My first ever Krav Maga class at First Defense happened on January 6th.
Prior to my P-1 test in April, I participated in 32 formal Krav Maga classes.
Between my P-1 test and my P-2 test in September, I participated in 58 Krav Maga classes.
After my P-2 test and through the end of classes on December 22nd, I participated in 54 Krav Maga classes.
That is a total of roughly 144 hours of regular Krav Maga classes.
In addition to regular classes, I participated in several seminars and camps. In July I participated in two Krav Maga seminars at the Martial Arts Super Show taught by Mr Eyal Yanilov, totaling 5 hours. Later that month I participated in a 2 hour hostage rescue seminar at First Defense.
In September I participated in a 3 hour third party protection seminar taught by Mr Yanilov, a 3 hour seminar on fighting skills and tactics taught by Mr Yanilov and Jovan Manojlovic, and a 25 hour, three day specialist course titled Combat Mindset and Mental Conditioning.
In October I participated in a 3 hour seminar on Krav Maga for handling road rage, carjacking, and related automobile scenarios. In November I spent another 25 hours, over three days, at the fall P and G camp, followed by a 2 1/2 hour weapons disarm seminar later that month. My last seminar happened in early December, when I spent 4 1/2 hours learning firearm management.
These special Krav Maga events totaled 73 hours.
Combining regular classes and special events, I formally trained Krav Maga for 217 hours, one third of which was seminar time.
Other Martial Arts
In addition to Krav Maga, I trained in several other venues in 2016.
In June and July I enjoyed 6 hours of private Kali instruction with Mr Jim Conklin at Trident Martial Arts. Shortly thereafter in July I participated in a 6 hour seminar taught by Guro Dan Inosanto, also at Trident. In August I also enjoyed 15 hours of combatives training involving weapons, groundwork, and striking, taught by Mr Ben Gilbert from Trident.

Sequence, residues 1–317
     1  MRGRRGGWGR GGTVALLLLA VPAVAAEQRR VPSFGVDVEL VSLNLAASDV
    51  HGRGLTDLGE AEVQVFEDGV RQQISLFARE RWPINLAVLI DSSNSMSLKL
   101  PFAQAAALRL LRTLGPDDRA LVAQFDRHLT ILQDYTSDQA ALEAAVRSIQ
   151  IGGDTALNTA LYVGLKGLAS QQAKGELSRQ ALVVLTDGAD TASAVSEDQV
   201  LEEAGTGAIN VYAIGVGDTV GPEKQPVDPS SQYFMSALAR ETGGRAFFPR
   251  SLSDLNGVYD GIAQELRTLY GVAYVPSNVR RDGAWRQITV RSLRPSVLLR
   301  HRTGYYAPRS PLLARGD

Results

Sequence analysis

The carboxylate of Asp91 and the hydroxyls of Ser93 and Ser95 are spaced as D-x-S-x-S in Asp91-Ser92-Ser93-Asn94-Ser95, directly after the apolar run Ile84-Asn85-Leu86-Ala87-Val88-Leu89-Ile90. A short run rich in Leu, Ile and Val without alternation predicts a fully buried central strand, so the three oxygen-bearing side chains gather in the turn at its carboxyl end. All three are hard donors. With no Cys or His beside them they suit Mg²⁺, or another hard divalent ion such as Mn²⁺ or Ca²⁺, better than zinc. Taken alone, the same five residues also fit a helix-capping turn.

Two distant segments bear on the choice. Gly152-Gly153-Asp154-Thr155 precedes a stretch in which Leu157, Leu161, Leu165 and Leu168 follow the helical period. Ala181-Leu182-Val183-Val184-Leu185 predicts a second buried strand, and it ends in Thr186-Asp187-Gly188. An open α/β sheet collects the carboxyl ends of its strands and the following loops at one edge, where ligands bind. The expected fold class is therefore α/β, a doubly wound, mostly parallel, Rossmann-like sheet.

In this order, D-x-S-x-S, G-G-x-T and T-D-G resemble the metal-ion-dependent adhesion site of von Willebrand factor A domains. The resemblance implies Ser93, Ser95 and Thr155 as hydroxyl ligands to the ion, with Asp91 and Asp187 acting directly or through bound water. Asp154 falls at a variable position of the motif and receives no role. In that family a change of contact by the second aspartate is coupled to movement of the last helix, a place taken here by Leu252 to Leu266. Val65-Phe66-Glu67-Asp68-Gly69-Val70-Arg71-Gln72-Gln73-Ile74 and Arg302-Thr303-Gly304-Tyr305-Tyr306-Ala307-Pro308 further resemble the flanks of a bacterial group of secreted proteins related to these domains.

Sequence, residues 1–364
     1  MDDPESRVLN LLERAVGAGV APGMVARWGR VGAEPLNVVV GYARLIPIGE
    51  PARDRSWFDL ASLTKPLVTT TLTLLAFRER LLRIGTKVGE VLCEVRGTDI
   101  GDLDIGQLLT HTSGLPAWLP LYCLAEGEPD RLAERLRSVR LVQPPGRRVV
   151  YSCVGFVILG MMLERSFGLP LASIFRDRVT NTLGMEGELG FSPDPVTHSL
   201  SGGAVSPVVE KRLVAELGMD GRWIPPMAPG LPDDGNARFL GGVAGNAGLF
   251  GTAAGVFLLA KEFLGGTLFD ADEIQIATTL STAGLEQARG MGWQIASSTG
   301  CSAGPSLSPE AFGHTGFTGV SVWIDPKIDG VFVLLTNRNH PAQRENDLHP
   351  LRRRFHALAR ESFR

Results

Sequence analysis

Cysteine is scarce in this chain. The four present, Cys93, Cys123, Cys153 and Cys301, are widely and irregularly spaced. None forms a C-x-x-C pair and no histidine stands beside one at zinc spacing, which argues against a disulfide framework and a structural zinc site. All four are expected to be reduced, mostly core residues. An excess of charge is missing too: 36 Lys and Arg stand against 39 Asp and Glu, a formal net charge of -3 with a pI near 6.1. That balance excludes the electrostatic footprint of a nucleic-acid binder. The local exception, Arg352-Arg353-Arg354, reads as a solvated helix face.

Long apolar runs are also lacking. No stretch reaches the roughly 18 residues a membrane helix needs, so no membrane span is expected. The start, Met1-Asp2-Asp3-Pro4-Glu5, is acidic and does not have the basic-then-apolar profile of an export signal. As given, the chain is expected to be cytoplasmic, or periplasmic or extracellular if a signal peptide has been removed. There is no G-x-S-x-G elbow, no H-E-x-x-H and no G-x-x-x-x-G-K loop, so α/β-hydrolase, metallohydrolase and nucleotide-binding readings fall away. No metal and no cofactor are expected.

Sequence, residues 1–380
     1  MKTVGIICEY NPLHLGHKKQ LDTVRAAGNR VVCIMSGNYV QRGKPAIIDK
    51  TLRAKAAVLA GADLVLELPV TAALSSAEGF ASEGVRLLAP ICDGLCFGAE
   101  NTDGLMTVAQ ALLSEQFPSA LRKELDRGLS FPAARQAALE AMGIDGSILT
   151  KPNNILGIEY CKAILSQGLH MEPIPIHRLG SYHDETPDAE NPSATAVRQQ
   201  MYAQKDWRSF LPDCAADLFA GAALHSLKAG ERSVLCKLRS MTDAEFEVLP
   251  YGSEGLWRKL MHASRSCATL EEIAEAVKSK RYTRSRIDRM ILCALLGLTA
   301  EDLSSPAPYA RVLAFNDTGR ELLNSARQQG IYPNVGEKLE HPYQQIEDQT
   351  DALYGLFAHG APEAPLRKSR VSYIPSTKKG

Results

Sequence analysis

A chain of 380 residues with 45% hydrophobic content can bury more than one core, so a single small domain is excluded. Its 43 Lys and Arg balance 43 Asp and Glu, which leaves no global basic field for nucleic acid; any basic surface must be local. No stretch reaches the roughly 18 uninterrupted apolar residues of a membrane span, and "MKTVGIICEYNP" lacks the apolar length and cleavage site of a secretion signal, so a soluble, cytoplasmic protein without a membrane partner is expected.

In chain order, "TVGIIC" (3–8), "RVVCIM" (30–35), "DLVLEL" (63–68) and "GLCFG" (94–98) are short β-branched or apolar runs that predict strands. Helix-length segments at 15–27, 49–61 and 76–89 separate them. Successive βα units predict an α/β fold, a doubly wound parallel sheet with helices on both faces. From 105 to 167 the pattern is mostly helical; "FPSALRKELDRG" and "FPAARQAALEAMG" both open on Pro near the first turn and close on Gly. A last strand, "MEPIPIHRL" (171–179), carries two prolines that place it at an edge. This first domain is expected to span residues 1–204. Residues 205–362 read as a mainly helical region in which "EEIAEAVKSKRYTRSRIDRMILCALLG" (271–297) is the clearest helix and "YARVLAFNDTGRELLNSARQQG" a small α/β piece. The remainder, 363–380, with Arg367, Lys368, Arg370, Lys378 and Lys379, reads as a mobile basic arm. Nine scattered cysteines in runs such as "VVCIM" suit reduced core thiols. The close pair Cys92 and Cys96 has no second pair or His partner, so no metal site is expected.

In June, July, and August I spent time with my old kung fu Sifu, Michael Macaris, and his top instructor, Steve Mulloy. We trained for a total of about 24 hours.
These non-Krav Maga martial arts totaled 51 hours.
Beyond these classes, I tried three complements to martial arts training. In August I spent 8 hours learning a sword-based exercise program called Jungshin Fitness. In September I spent 6 hours in an introductory StrongFirst class learning how to exercise with kettlebells. In October I spent 10 hours becoming a level one Ground Force Method instructor.
These physical classes totaled 24 hours.
Finally, I took two classes to develop firearm skills, taught by Silver Eagle Group. They were each approximately 4 hours, so they totaled 8 hours.
Adding up all of the time I spent in formal training in 2016, the total was approximately 300 hours. About two thirds involved Krav Maga. Less than one sixth involved other martial arts. The remainder involved fitness and firearms.
Looking back, I am very pleased with the amount of progress I made in 2016!
Within the next few days I will post my goals for 2017.
How do you feel about your work in 2016?
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